their spouse. I also need to know if there is a history of violence, including
confrontations in front of the children, and who controls the family's
finances. Once I have this information, my next question is always: "What
do you want?"
You should only choose a lawyer who is willing to litigate to achieve the
results that you want. If a client tells me what he/she ultimately hopes
to achieve and I determine this unreasonable, I politely apologize and
inform that individual that I cannot be of assistance. I would rather
turn away a client than take on a case that I know will fail. Many people
thank me for my honest advice and either reassess what they hope to achieve
or they hire somebody else. A lawyer's job is to give honest counsel
Once you have hired a lawyer, you should gather as much evidence as possible
about your finances, your children's routines, and your spouse's
habits. I generally advise clients to write everything down in journal
form, keeping an outline of the events in their lives with regard to their
marriage. If you arm your lawyer will specific information, including
dates and details, your lawyer can give better advice, and you are more
likely to achieve a better outcome.
Every case has a beginning, middle and end. If appropriate, I always urge
clients to immediately file for divorce. This ensures that the case actually
moves forward. I hate wasting a client's time and money with needless
draft agreements and endless re-negotiations. I have been told that I
am crazy, that cases should settle outside of court. I have found that
this strategy results in excessive legal fees and only serves to waste
time, increasing everyone's level of frustration. I am generally willing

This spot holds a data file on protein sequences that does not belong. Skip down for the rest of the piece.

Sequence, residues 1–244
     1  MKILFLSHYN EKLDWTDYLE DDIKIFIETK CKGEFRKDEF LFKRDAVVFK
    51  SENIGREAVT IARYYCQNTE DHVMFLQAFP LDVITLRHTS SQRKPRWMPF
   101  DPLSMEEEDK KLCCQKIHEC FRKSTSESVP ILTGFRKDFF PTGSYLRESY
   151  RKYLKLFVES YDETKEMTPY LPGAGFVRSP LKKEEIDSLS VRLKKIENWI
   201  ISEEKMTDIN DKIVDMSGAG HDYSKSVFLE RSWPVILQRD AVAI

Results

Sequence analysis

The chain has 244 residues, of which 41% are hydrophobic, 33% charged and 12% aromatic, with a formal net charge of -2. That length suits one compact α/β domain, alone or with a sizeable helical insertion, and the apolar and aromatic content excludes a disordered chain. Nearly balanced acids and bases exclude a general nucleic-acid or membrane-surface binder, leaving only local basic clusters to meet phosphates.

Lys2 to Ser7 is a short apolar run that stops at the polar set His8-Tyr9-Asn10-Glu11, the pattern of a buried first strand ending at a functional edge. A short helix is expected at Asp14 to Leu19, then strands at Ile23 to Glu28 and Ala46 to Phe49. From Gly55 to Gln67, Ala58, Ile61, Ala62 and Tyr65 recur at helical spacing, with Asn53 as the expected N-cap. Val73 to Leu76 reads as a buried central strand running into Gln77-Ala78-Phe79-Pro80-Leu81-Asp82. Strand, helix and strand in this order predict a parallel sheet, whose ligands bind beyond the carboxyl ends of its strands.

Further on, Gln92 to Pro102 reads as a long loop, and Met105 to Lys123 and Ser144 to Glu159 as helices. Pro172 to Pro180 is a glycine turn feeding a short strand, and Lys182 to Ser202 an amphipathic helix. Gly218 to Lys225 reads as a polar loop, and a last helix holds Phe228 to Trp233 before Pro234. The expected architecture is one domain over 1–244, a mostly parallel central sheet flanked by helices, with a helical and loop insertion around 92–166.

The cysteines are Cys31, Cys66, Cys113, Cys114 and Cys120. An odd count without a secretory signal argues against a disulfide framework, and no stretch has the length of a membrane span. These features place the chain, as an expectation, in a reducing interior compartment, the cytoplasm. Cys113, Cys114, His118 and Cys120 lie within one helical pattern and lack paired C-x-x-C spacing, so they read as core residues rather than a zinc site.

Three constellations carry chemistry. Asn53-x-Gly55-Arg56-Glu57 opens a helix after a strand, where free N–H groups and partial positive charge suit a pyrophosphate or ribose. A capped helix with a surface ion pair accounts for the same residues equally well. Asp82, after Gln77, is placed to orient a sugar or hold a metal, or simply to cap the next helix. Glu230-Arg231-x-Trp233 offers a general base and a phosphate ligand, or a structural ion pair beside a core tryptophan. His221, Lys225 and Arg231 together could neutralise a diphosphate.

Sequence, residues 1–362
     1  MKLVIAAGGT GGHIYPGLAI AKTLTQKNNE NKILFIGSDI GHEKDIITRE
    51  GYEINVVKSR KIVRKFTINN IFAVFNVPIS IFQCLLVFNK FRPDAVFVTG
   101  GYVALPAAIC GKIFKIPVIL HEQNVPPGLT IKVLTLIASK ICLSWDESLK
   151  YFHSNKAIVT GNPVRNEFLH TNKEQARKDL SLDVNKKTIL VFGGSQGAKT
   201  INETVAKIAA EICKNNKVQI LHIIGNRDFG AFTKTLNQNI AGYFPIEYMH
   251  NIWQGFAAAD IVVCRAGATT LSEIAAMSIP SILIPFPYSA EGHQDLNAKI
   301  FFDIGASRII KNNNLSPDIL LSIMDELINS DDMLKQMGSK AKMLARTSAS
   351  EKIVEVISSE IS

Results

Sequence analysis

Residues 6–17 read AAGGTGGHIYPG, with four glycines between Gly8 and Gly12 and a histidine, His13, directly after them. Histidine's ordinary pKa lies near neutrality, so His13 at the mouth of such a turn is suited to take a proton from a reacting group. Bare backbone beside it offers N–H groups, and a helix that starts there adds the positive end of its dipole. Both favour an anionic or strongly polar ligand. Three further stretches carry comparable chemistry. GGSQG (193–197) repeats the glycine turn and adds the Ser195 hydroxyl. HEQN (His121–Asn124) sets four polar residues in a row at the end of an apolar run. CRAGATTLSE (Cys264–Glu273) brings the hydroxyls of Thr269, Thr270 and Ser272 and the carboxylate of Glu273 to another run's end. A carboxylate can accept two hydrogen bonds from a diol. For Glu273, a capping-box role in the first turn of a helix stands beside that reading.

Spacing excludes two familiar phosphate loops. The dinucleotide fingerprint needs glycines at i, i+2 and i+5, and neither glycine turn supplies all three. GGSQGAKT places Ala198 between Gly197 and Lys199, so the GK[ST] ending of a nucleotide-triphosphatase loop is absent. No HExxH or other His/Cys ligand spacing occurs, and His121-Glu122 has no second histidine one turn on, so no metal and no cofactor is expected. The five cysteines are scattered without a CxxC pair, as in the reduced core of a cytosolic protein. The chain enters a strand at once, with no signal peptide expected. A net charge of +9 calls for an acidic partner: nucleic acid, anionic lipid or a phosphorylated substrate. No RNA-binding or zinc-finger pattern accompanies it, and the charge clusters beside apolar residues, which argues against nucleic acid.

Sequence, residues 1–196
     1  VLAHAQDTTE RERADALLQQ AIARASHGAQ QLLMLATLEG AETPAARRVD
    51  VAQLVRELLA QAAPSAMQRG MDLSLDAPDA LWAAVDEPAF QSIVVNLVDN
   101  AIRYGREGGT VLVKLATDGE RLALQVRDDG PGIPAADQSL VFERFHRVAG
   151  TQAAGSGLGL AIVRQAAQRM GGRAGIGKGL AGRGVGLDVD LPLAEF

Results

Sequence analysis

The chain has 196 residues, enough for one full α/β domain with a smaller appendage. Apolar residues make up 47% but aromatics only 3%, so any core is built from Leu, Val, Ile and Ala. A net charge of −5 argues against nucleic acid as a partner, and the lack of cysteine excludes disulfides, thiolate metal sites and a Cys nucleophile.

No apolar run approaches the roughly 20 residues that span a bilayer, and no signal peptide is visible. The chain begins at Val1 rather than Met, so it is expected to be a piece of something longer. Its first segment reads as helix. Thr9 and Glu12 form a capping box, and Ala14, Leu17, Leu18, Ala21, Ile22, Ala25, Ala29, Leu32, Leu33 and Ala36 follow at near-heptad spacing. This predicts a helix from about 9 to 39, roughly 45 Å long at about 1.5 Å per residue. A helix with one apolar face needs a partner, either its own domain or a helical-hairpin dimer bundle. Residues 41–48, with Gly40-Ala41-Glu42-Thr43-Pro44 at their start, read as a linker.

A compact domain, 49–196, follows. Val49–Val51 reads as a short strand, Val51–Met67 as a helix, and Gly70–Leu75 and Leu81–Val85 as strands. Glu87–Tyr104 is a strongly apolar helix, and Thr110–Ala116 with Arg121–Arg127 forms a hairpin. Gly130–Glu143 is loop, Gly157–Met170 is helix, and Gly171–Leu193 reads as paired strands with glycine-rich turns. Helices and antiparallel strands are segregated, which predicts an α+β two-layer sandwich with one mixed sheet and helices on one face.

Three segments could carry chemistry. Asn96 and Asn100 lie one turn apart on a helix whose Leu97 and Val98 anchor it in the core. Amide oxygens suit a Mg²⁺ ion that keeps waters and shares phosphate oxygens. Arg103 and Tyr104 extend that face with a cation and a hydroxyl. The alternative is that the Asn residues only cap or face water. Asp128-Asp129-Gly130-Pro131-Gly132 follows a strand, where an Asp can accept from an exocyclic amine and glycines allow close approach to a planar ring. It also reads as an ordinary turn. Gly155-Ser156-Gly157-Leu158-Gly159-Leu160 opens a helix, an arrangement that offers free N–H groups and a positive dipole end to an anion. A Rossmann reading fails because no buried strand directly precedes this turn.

to attempt to settle for 30 days before involving the Court. If this fails,
I will often file suit. If the case was so easy that it should be settled
out of Court, I recommend going to a mediator, who can assist in the creation
of a draft agreement. Once this agreement is in place, I will review its
details to ensure that the client's rights are protected. Too much
time is wasted by lawyers trying to negotiate a settlement out of Court.
If it cannot be accomplished within 30 days, forget about it. While both
you and your spouse may want to settle, without a Judge acting as the
referee, most lawyers tell clients what they want to hear, and the case
never ends. Consequently, the case goes nowhere.
When you file suit, there is a clear beginning to the case. In New York,
divorce Judges are required to end the case within a year, unless there
is an excusable delay. Let me let you in on a secret: having a lazy lawyer
is not an excusable delay. You have your first Court date within a few
months of the filing your case. At the first appearance in Court, if your
spouse is being unreasonable, many times the Judge will say so. If you
are being unreasonable, you may be told the same by the Judge as well.
This is a perfect time to settle. Many litigants and even lawyers are
uncomfortable appearing before a Judge. I thrive on it, and my clients
benefit from my experience and comfort level in Court.
I settle many cases within the first month, but I believe that filing suit
actually speeds up the process. This advice is very different from that
of other lawyers and generally sets me apart. The most prestigious matrimonial
firms would prefer to negotiate forever without involving the Court. They
can tell their clients anything and conduct endless meetings, costing
a small fortune, but as soon as a New York Supreme Court Judge is present,
their client may find out that all of the advice or lack thereof was inaccurate,
wrong, or outright foolish. My clients come to me to help them end their
marriage in a way that best suits their needs. Delaying their case with
fruitless negotiations only leads to unhappy clients. I want my clients
to feel that they have an advocate looking out for their best interests.
Below find links to additional information and strategy regarding the divorce
process. Brian D. Perskin & Associates P.C. is available to assist
you with any questions you may have regarding divorce in New York.